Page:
Scopri milioni di ebook, audiolibri, riviste e altro ancora

Solo $11.99/mese al termine del periodo di prova. Cancella quando vuoi.

The Duchess of Malfi

The Duchess of Malfi

Leggi anteprima

The Duchess of Malfi

Lunghezza:
156 pagine
1 ora
Pubblicato:
6 feb 2018
ISBN:
9788827565124
Formato:
Libro

Descrizione

John Webster (c. 1580 – c. 1634) was an English Jacobean dramatist best known for his tragedies The White Devil and The Duchess of Malfi, which are often regarded as masterpieces of the early 17th-century English stage. His life and career overlapped William Shakespeare's (font: Wikipedia)
Pubblicato:
6 feb 2018
ISBN:
9788827565124
Formato:
Libro

Informazioni sull'autore

John Webster was a playwright from England who was born in 1580 and died in 1632. Not much factual information is known about his life. He married Sara Peniall and had at least four children, one born two months after they were married. Webster is best known for his two plays, The White Devil and The Duchess of Malfi.


Correlato a The Duchess of Malfi

Libri correlati

Articoli correlati

Anteprima del libro

The Duchess of Malfi - John Webster

The Duchess of Malfi

John Webster

INTRODUCTORY NOTE

Of John Webster's life almost nothing is known. The dates 1580-1625 given for his birth and death are conjectural inferences, about which the best that can be said is that no known facts contradict them.

The first notice of Webster so far discovered shows that he was collaborating in the production of plays for the theatrical manager, Henslowe, in 1602, and of such collaboration he seems to have done a considerable amount. Four plays exist which he wrote alone, The White Devil, The Duchess of Malfi, The Devil's Law-Case, and Appius and Virginia.

The Duchess of Malfi was published in 1623, but the date of writing may have been as early as 1611. It is based on a story in Painter's Palace of Pleasure, translated from the Italian novelist, Bandello; and it is entirely possible that it has a foundation in fact. In any case, it portrays with a terrible vividness one side of the court life of the Italian Renaissance; and its picture of the fierce quest of pleasure, the recklessness of crime, and the worldliness of the great princes of the Church finds only too ready corroboration in the annals of the time.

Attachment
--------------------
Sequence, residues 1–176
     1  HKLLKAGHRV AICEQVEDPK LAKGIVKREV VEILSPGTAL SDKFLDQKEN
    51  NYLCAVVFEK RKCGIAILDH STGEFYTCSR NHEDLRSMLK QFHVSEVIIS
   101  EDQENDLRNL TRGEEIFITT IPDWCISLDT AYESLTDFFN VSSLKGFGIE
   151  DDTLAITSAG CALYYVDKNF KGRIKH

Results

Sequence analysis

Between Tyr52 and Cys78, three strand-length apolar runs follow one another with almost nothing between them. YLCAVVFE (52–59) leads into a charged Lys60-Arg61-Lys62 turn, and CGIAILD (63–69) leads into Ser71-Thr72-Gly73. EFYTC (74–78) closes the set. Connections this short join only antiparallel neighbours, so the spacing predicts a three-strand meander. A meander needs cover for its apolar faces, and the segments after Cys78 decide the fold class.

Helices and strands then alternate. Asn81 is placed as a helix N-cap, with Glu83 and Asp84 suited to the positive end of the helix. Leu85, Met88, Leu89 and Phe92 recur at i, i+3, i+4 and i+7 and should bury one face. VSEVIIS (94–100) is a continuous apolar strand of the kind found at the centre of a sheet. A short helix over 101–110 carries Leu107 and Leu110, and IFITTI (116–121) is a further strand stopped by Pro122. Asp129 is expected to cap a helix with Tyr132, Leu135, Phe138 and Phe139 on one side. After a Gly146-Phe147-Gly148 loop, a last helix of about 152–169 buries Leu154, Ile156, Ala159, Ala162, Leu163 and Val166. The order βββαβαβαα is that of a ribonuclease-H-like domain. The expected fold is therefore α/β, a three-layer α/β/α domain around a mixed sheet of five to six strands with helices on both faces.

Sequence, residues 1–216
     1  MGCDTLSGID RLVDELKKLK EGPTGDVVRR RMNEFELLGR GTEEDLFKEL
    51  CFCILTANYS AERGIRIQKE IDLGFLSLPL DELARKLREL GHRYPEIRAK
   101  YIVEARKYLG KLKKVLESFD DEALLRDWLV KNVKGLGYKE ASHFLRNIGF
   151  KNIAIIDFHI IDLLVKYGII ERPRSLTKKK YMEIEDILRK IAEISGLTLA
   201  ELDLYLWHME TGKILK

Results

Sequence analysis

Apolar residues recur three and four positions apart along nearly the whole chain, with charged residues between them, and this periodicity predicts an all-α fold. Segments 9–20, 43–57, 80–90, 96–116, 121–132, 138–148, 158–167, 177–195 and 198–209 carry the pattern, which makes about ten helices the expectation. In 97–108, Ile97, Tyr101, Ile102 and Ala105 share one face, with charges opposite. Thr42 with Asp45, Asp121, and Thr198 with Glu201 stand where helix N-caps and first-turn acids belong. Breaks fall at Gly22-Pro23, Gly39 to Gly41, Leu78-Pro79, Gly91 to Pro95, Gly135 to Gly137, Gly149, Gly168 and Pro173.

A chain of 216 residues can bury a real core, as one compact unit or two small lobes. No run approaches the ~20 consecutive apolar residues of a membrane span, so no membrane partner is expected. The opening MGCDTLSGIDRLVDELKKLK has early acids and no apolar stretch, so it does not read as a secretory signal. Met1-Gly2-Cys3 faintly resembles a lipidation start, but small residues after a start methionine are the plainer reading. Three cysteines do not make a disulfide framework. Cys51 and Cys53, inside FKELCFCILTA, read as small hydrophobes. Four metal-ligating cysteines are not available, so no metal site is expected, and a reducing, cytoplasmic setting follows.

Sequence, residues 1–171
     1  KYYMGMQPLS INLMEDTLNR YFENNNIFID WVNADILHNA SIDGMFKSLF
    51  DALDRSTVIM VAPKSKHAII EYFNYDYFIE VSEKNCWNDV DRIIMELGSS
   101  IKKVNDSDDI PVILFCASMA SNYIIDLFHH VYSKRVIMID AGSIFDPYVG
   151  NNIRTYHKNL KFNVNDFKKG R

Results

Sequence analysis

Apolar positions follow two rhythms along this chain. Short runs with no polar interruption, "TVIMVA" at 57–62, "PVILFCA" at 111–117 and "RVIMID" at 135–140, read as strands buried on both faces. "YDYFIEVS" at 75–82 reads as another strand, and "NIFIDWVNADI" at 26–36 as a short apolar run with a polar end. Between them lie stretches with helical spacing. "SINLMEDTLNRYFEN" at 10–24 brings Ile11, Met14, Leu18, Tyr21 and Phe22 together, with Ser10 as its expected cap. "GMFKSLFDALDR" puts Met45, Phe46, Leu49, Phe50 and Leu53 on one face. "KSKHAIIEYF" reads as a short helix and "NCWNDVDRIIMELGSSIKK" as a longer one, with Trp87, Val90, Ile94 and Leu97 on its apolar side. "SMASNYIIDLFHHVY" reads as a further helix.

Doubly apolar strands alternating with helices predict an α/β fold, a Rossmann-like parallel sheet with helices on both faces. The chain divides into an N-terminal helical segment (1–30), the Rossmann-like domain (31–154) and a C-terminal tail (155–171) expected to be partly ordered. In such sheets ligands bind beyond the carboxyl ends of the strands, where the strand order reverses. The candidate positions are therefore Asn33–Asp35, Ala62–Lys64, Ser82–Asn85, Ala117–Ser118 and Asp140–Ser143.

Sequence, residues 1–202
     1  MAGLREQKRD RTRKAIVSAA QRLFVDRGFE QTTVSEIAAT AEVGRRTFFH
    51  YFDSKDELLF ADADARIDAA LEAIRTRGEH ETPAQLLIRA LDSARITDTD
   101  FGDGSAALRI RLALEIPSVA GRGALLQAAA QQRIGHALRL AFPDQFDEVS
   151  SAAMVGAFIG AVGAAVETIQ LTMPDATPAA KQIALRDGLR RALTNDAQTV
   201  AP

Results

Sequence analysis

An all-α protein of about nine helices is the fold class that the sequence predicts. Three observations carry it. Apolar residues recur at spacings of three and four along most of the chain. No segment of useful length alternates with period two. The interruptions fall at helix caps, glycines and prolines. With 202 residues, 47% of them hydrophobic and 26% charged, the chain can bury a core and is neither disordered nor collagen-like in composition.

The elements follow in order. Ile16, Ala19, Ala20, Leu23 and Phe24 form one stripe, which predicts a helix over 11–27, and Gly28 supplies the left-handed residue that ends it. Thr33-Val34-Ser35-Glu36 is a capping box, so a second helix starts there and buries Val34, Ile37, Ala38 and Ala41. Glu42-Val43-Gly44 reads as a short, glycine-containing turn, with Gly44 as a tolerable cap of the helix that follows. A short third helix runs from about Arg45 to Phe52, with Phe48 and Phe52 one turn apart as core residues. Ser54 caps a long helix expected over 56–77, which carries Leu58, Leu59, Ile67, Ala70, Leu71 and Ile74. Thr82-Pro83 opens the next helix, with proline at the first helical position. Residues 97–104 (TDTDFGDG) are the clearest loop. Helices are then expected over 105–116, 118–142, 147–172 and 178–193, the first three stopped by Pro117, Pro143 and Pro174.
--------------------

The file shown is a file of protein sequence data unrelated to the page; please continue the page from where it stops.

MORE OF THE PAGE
Webster's tragedies come toward the close of the great series of tragedies of blood and revenge, in which The Spanish Tragedy and Hamlet are landmarks, but before decadence can fairly be said to have set in. He, indeed, loads his scene with horrors almost past the point which modern taste can bear; but the intensity of his dramatic situations, and his superb power of flashing in a single line a light into the recesses of the human heart at the crises of supreme emotion, redeems him from mere sensationalism, and places his best things in the first rank of dramatic writing.

Dramatis Personae:

FERDINAND [Duke of Calabria].

CARDINAL [his brother].

ANTONIO [BOLOGNA, Steward of the Household to the Duchess].

DELIO [his friend].

DANIEL DE BOSOLA [Gentleman of the Horse to the Duchess].

[CASTRUCCIO, an old Lord].

MARQUIS OF PESCARA.

[COUNT] MALATESTI.

RODERIGO, ]

SILVIO, ] [Lords].

GRISOLAN, ]

DOCTOR.

The Several Madmen.

DUCHESS [OF MALFI].

CARIOLA [her woman].

[JULIA, Castruccio's wife, and] the Cardinal's mistress.

[Old Lady].

Ladies, Three Young Children, Two Pilgrims, Executioners,

Court Officers, and Attendants.

       ACT I

       SCENE I[1]

       [Enter] ANTONIO and DELIO

  DELIO.  You are welcome to your country, dear Antonio;

  You have been long in France, and you return

  A very formal Frenchman in your habit:

  How do you like the French court?

  ANTONIO.                          I admire it:

  In seeking to reduce both state and people

  To a fix'd order, their judicious king

  Begins at home; quits first his royal palace

  Of flattering sycophants, of dissolute

  And infamous persons,—which he sweetly terms

  His master's master-piece, the work of heaven;

  Considering duly that a prince's court

  Is like a common fountain, whence should flow

  Pure silver drops in general, but if 't chance

  Some curs'd example poison 't near the head,

  Death and diseases through the whole land spread.

  And what is 't makes this blessed government

  But a most provident council, who dare freely

  Inform him the corruption of the times?

  Though some o' the court hold it presumption

  To instruct princes what they ought to do,

  It is a noble duty to inform them

  What they ought to foresee.[2]—Here comes Bosola,

  The only court-gall; yet I observe his railing

  Is not for simple love of piety:

  Indeed, he rails at those things which he wants;

  Would be as lecherous, covetous, or proud,

  Bloody, or envious, as any man,

  If he had means to be so.—Here's the cardinal.

       [Enter CARDINAL and BOSOLA]